( Id. at 3.) Defendants also assert that Lucero improperly gave a similar verbatim response to the nine Requests for Production served by Defendants:
In addition to the documents which have already been provided to you, Plaintiff may rely on any of the documents that have been or will be produced at depositions and the documents we are providing to you herewith, plus any documents available to all parties that may permit the Court to take judicial notice of adjudicative facts. We have given you everything we have at this time. We will not know until we prepare Plaintiff's response to the forthcoming motion for summary judgment which documents may be relied on in responding to the motion.
( Id. at 4.) Although Defendants initially sought further responses to all of their discovery requests, in their Reply in support of their motion to compel they request that Lucero 1) provide adequate responses to Interrogatories 12 through 21, and 2) identify the documents responsive to their Requests for Production. (Doc. 77 at 8.) Defendants also request sanctions under Federal Rule of Civil Procedure 37.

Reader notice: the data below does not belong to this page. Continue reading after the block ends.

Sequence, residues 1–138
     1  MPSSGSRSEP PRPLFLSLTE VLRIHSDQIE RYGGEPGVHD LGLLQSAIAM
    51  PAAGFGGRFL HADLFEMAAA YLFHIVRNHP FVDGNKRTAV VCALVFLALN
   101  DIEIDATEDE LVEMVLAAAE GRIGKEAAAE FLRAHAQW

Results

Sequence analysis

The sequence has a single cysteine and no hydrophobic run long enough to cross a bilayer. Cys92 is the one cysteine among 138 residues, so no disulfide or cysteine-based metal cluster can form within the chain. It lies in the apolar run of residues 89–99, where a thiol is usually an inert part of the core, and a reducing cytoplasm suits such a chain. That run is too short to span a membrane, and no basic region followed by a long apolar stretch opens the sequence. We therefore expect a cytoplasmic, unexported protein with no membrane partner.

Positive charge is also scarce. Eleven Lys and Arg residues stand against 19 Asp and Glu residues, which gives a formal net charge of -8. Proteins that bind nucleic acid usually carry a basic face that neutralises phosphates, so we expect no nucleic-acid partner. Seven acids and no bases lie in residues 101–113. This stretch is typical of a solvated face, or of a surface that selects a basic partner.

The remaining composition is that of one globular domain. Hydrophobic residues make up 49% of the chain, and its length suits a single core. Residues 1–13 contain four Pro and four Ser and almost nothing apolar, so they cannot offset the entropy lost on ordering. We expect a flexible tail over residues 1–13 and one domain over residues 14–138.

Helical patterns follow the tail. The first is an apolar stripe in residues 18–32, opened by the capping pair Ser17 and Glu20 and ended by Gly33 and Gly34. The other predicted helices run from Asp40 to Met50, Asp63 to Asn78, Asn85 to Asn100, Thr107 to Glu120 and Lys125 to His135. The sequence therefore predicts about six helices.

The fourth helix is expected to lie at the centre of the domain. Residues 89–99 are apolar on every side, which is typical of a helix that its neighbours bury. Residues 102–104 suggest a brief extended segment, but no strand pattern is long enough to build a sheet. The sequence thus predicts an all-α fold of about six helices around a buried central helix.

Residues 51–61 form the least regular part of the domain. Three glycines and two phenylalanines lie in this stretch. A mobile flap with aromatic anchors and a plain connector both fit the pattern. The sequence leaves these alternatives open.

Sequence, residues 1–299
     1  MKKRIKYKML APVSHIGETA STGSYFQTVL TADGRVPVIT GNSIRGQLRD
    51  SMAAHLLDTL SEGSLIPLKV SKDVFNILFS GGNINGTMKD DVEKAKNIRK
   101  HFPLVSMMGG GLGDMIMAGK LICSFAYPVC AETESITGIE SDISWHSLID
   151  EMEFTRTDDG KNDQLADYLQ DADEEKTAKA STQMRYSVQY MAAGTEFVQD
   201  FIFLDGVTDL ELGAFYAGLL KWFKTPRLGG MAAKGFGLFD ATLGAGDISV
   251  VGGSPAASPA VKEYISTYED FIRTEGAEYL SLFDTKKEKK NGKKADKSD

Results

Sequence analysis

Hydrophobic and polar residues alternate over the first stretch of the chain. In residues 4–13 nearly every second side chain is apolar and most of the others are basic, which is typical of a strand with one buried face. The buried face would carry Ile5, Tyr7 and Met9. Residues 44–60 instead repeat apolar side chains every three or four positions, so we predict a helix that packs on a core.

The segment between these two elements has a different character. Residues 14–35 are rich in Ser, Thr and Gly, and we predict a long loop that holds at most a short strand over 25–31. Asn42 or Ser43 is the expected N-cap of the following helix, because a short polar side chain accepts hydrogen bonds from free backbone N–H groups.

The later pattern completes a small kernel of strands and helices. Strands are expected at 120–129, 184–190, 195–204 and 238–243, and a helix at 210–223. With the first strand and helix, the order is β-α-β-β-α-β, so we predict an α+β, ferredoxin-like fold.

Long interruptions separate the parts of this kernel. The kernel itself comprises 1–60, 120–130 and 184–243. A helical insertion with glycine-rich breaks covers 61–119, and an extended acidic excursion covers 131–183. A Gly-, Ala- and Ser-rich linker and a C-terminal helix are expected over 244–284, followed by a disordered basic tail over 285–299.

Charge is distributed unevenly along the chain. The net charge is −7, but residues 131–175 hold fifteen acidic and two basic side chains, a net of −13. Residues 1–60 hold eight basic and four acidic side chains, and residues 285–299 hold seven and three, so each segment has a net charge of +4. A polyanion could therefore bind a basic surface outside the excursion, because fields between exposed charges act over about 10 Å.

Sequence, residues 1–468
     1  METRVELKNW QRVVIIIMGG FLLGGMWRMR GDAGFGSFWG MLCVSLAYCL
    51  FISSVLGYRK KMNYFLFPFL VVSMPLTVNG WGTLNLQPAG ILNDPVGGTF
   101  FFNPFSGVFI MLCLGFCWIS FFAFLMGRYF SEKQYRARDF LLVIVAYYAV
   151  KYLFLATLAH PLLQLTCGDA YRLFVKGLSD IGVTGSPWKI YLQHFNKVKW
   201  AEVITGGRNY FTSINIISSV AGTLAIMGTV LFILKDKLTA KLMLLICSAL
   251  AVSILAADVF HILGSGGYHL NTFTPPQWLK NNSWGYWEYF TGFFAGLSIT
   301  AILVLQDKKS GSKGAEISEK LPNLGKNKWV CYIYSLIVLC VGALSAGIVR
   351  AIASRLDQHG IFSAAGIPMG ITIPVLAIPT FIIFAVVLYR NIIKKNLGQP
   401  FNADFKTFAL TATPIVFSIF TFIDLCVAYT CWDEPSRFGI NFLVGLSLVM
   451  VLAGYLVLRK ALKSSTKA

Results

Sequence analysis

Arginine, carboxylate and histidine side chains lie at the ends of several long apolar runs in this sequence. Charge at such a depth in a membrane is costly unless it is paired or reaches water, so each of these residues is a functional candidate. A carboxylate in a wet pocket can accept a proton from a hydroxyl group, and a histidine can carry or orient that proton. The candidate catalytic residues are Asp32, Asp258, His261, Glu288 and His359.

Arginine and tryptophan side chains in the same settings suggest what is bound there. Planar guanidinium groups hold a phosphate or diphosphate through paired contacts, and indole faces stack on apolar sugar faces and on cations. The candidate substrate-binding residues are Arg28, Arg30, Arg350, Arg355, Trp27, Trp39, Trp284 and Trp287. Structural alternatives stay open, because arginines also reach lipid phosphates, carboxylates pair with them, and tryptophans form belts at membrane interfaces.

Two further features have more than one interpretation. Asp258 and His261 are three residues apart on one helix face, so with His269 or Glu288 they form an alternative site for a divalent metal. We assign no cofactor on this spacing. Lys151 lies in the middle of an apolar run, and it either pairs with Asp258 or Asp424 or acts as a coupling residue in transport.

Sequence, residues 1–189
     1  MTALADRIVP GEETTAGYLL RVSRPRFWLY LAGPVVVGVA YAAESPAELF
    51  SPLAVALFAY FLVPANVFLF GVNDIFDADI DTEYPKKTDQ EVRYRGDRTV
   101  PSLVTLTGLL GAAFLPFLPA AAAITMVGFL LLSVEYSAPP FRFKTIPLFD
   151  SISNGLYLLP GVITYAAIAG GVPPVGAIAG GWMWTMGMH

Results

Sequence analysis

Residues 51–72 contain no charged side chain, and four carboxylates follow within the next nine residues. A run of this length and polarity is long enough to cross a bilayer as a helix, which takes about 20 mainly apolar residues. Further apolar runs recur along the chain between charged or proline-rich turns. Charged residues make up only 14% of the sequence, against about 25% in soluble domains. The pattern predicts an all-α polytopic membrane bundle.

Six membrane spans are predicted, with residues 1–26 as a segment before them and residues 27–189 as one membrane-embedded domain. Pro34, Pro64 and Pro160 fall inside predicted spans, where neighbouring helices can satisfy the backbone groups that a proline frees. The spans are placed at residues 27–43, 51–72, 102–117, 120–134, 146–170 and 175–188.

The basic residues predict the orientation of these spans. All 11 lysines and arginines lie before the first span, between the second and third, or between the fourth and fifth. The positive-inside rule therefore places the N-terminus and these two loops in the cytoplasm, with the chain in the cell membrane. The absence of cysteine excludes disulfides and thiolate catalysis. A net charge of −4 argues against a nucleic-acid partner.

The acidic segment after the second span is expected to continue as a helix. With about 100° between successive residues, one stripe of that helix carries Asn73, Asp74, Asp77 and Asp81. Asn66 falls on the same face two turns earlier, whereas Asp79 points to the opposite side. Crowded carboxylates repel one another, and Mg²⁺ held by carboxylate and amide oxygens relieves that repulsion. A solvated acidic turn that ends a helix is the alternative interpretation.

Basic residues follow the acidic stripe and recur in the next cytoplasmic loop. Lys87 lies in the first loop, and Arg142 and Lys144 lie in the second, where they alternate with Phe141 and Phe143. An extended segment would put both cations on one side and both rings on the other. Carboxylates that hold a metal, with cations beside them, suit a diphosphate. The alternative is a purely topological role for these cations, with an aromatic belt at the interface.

Lucero failed to state any objections to Defendants' discovery requests when he served his answers and responses. In his Response Opposing Defendants' Motion to Compel, Lucero asserts that 1) he has already answered Defendants' discovery requests in previous discovery responses, 2) Defendants have submitted " blockbuster" interrogatories which are unduly burdensome, 3) Defendants are not seeking discovery but are impermissibly attempting to ascertain Lucero's response to Defendants' Motion for Summary Judgment before it is filed, and 4) he does not know yet which documents, facts and law he will rely upon in support of the allegations in his Amended Complaint. (Doc. 73 at 3-14.)
It is well established that all objections to discovery requests must be timely or they are waived, unless the court excuses the failure to object for good cause. See FED.R.CIV.P. 33(b)(4), 34(b); Essex Ins. Co. v. Neely, 236 F.R.D. 287, 289 (N.D.W.Va.2006) (stating that although Rule 34 does not contain the same provisions for specificity of objections and waiver as Rule 33, the procedure provided for in Rule 34 is essentially the same as that in Rule 33). However, even considering Lucero's untimely objections, Defendants are entitled to further discovery responses from him.